Anthony J. Pennings, PhD


The Walt Disney of Japan

Posted on | July 29, 2011 | No Comments

with Justin Restivo
Hayao Miyazaki is one of the most renowned animation creators in the world, known primarily for his classic Japanese feature-length films such as My Neighbor Totoro, Princess Mononoke, Spirited Away and the recent release, Ponyo. He founded the Japanese animation venture, Studio Ghibli. “Ghibli” is the Arabic name for the Mediterranean wind, and refers to Miyazaki’s intention for a wind of change to blow through the Japanese animation industry. Many have come to consider him to be the Walt Disney of Japan because of the memorable animated characters he created and the impact of his films.

Miyazaki was born during World War II in a suburb of Tokyo. He was fascinated with aviation as a child, and loved to draw airplanes as well as trains and automobiles. In high school, he saw the Japan’s first feature length anime film, The Tale of the White Serpent and became interested in the field of animation. Although Miyazaki obtained his college degree in economics, he began working at the Toei Animation Studio as an artist and assistant animator but maintained a strong interest in the industry, becoming the leader of their labor union.

By 1968 Miyazaki became a chief animator and concept artist for Hols: Prince of the Sun directed by Isao Takahata, who he continued to work with for the next few decades. Miyazaki left Toei Animation Studio to direct several episodes of the television show, Lupin III, an action comedy and also worked on several films at A-Pro and Nippon studios. His signature film was the feature length Lupin III: The Castle of Cagliostro which he directed.

He was developing his own oeuvre which were incorporated in his next film Nausicaa, The Valley of the Wind. His was beginning to explore issues of pacifism, feminism, a fascination with flight, and the impact of humans on the environment. Miyazaki was also concerned with exploring the morality of his characters and particularly his villians, which he infused with ambiguity. He would pursue these themes successfully after he started Studio Ghibli in 1985 with films such as Castle in the Sky, My Neighbor Totoro, Kiki’s Delivery Service and Porco Rosso. A major achievement came in 1997 with Princess Mononoke, which became Japan’s highest grossing film of all time was the first animated film to win Japan’s equivalent of “Best Picture” award.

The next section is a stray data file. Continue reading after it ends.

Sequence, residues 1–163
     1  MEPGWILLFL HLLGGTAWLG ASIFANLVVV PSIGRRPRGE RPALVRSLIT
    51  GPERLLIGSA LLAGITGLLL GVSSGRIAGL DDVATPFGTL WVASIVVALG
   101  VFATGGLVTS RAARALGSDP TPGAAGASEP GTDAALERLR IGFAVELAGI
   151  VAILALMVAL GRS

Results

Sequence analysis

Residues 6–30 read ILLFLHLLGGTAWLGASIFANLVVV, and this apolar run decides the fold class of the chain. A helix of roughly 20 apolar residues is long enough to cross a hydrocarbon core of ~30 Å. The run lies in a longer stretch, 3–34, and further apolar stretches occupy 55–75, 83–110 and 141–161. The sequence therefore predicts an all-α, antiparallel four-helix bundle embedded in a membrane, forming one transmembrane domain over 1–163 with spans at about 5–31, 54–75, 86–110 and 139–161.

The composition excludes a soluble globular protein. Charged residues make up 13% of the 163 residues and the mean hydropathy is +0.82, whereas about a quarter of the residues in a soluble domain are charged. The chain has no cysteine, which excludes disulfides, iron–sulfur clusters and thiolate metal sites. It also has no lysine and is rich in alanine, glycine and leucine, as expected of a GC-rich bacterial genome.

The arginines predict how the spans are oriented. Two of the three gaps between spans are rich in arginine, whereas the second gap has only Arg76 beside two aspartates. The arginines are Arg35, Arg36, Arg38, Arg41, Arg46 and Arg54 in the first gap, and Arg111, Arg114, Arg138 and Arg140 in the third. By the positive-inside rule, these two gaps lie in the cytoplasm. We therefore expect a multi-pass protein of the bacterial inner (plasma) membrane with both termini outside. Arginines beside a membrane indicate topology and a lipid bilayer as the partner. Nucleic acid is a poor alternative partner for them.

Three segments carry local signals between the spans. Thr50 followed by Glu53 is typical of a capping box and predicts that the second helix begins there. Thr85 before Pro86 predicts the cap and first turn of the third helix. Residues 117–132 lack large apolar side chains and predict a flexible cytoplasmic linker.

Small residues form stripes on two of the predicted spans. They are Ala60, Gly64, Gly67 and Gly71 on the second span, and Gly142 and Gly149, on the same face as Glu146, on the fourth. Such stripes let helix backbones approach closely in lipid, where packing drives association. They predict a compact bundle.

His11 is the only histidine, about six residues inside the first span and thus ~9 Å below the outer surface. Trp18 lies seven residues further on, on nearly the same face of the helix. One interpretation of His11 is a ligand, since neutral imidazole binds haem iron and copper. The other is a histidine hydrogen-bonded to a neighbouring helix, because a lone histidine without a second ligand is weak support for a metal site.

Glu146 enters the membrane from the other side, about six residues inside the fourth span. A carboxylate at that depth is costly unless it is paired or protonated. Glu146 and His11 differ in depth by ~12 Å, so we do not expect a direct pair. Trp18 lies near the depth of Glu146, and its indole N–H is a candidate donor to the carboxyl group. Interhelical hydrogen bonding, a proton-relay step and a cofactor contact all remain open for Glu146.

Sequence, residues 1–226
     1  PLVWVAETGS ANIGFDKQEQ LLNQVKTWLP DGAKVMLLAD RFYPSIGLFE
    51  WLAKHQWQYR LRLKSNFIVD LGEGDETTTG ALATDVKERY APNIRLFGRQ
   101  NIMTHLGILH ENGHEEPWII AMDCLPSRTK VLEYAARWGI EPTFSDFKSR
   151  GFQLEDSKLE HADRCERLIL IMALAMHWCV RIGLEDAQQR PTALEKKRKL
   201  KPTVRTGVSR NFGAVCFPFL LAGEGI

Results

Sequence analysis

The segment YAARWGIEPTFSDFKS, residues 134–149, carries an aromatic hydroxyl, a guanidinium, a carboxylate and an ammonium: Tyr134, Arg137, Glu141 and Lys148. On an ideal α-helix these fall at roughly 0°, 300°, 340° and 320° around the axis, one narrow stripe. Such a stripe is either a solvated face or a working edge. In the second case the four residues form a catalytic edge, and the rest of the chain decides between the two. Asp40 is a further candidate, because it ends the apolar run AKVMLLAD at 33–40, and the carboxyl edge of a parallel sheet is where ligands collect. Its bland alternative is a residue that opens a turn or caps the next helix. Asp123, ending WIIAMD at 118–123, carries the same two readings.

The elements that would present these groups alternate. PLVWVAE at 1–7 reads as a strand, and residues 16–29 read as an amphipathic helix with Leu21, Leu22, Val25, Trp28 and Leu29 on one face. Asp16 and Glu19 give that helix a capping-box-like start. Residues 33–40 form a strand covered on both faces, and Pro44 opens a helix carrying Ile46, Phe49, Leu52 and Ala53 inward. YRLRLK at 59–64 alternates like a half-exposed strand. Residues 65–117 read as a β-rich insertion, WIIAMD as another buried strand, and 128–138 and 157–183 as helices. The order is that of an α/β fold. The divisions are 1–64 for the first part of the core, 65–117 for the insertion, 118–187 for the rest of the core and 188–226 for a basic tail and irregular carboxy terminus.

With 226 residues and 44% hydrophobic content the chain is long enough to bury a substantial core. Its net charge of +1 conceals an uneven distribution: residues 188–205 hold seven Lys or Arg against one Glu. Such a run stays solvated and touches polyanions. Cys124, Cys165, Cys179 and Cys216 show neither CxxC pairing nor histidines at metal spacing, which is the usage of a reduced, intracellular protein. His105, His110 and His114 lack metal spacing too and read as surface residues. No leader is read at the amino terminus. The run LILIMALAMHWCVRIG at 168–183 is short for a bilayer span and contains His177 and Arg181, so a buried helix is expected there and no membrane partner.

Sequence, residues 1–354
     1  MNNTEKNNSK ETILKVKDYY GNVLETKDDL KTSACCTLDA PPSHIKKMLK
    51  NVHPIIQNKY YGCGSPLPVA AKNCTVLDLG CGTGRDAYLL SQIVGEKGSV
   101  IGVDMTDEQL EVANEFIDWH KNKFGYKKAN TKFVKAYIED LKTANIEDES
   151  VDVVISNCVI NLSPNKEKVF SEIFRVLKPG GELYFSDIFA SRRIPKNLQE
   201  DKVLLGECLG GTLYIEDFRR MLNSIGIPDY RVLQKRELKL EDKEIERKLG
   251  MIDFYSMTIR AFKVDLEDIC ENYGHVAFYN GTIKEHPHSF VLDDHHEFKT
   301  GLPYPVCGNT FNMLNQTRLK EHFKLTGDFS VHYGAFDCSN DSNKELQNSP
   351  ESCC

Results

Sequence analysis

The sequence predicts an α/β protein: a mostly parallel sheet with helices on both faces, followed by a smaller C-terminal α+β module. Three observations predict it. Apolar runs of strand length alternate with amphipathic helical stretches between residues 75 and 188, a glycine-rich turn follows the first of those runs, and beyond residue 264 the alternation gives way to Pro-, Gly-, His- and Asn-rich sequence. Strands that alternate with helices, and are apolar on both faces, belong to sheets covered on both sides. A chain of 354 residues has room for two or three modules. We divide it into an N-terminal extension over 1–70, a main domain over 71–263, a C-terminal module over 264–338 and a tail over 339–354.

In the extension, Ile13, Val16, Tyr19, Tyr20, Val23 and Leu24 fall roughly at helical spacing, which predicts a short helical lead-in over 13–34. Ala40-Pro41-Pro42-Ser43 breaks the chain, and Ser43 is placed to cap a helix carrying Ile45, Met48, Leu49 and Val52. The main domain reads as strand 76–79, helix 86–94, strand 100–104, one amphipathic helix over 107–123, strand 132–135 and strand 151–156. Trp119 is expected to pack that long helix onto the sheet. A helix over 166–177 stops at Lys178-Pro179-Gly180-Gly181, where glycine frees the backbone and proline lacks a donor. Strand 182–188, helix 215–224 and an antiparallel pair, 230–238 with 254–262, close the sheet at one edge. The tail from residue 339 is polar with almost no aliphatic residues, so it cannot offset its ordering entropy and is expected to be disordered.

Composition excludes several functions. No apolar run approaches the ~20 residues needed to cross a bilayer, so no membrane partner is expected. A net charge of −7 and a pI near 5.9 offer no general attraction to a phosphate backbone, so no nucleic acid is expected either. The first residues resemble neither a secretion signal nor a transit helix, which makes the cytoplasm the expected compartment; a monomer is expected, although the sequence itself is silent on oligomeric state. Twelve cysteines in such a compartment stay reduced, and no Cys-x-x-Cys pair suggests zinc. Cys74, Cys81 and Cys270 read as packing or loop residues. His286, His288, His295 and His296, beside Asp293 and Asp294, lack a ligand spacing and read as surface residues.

This relationship brought global fame to Studio Ghibli as Miyazaki’s films were developing a fan base in the West. Spirited Away won ”Best Animated Feature” at the 2002 American Academy Awards and eventually surpassed Princess Mononoke‘s box office totals while Ponyo is reaching even higher levels of acclaim and revenue as the distribution partnership with Disney continues.


Anthony J. Pennings, PhD has been on the NYU faculty since 2001 teaching digital media, information systems management, and global communications. © ALL RIGHTS RESERVED


Comments are closed.

  • Referencing this Material

    Copyrights apply to all materials on this blog but fair use conditions allow limited use of ideas and quotations. Please cite the permalinks of the articles/posts.
    Citing a post in APA style would look like:
    Pennings, A. (2015, April 17). Diffusion and the Five Characteristics of Innovation Adoption. Retrieved from
    MLA style citation would look like: "Diffusion and the Five Characteristics of Innovation Adoption." Anthony J. Pennings, PhD. Web. 18 June 2015. The date would be the day you accessed the information. View the Writing Criteria link at the top of this page to link to an online APA reference manual.

  • About Me

    Professor at State University of New York (SUNY) Korea since 2016. Moved to Austin, Texas in August 2012 to join the Digital Media Management program at St. Edwards University. Spent the previous decade on the faculty at New York University teaching and researching information systems, digital economics, and strategic communications.

    You can reach me at:

    Follow apennings on Twitter

  • About me

  • Writings by Category

  • Flag Counter
  • Pages

  • Calendar

    July 2024
    M T W T F S S
  • Disclaimer

    The opinions expressed here do not necessarily reflect the views of my employers, past or present.